Unmanned Aerial Vehicles (UAVs)
Unmanned Aerial Vehicles, also known as Unmanned Aircraft Systems (UAS) by the FAA, have gotten a lot of press in recent years due largely to military needs, but in reality they’ve been with us for decades – in the form of drones. The difference today is not only in performance and complexity, but in the fact that many UAVs can now fly autonomously using pre-programmed flight plans.
In addition to military missions ranging from reconnaissance to attack, the peacetime use of UAVs is also growing. It is much, much cheaper to survey an oil pipeline with a UAV than with a helicopter and crew, for example. Search and Rescue (SAR) operations are becoming another important area where UAVs are being called into service. Overall, the global UAV market is expected to exceed seven billion dollars in 2011.
The mission of the Internal Wing Aircraft (IWA) company since its inception more than twenty years ago has been to revolutionize the business of flying by building aircraft based on its patented lifting technology. (See Technology for more of the story.) But building an airplane based on a new technology faces two huge obstacles: it is incredibly expensive to build, test and certify any new aircraft; and when a game-changing technology is involved there can be great resistance from people and organizations with vested interests in existing technologies. (The story of the Tucker Sedan is a case in point.) What would any quintessentially American entrepreneur living on a shoestring do in a situation like that? Sell their patents and ideas? No. Start small, build what you can, and grow as you can. And never give up the dream. In other words, the essence of what it used to mean to be American.
Over the last fifteen years IWA has gone from hand-held gliders, which of course flew better than any gliders ever, to RC (radio-controlled) aircraft, to MAVs (Micro Aerial Vehicles), and today they’re at the UAV stage of growth with a company dedicated to this effort: Supero UAS. For information and images on their latest UAV and the stages recently preceding it, please see immediately below. For the “early days” of RC and MAV, scroll down to the next section.
Our Original UAV Proof-of-Concept (POC), from 2011: the Hawkmoth 1
7′ long, 5′ wingspan
30kt wind capable
2kg payload (with existing motors)
Flight time: dependent on battery selected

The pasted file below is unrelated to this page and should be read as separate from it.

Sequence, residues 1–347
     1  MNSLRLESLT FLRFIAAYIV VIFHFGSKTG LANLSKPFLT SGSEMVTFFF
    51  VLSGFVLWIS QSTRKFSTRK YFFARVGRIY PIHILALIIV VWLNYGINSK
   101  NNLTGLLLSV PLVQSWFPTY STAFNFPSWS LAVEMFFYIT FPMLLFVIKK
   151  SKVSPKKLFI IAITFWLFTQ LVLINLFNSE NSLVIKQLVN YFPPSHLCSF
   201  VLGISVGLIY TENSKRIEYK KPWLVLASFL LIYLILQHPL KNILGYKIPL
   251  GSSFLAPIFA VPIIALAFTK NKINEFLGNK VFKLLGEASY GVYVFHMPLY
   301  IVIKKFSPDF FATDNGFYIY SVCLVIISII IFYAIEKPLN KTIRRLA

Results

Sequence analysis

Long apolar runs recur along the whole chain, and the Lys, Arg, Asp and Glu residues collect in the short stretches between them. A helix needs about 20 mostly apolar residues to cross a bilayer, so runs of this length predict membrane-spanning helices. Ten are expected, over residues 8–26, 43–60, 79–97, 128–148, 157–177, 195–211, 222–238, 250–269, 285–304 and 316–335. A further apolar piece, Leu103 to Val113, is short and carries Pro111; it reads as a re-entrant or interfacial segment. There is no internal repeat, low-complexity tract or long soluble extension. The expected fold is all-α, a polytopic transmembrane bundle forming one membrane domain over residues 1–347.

Blown* system is NVTOL (Near-Vertical Takeoff and Landing)
Un-blown system is STOL (Short Takeoff and Landing)
[* “Blown” in this context means air, under pressure, forced out of a slot in the trailing edge of the lead wing, similar in concept to the blown flaps that NASA was working on in the 1950s and ’60s – only much improved.]
The Hawkmoth 1 is currently being retrofitted, but for a full presentation on it in its original incarnation, containing many of the images below in addition to supporting technologies and previous work, please download the IWA_Hawkmoth_NV-UAS. (5.5MB PDF) This presentation points the way to the future of flight, in more ways than one.
Our latest Hawkmoth: the Hawkmoth 60 TE
(AKA the “Fire Service Plane”, because of the strong interest already shown from fire departments.)
Twin electric pusher prop motors
30-50kt wind capable
Flight time: 1 hour+
NVTOL (Near-Vertical Takeoff and Landing)
New video! For a true “bird’s-eye view” check out this video footage, shot from a recent IWA UAV prototype.
Click to watch the IWA UAV onboard aerial video.
Earlier IWA UAV Prototypes
TD1tp hand launch (:28)
Test flight of IWA AD1 (1:38)
The Early Days: from RC to MAV
A Micro Aerial Vehicle (MAV) is simply a small UAV; current designs have wingspans down to six inches (15 cm) or so, though development is underway to build insect-sized MAVs. Like their bigger brothers, though, MAVs can fly autonomously or under remote control.
Some still images of IWA work on MAVs in the past are below, followed by two videos of flying MAV prototypes. It’s a small step from radio-controlled (RC) aircraft to MAVs… for the right design.
“Viper Jet” Micro IWA UAS (4:00) (One of our better videos: hand-launched, hand-landed; 4.5 stars.)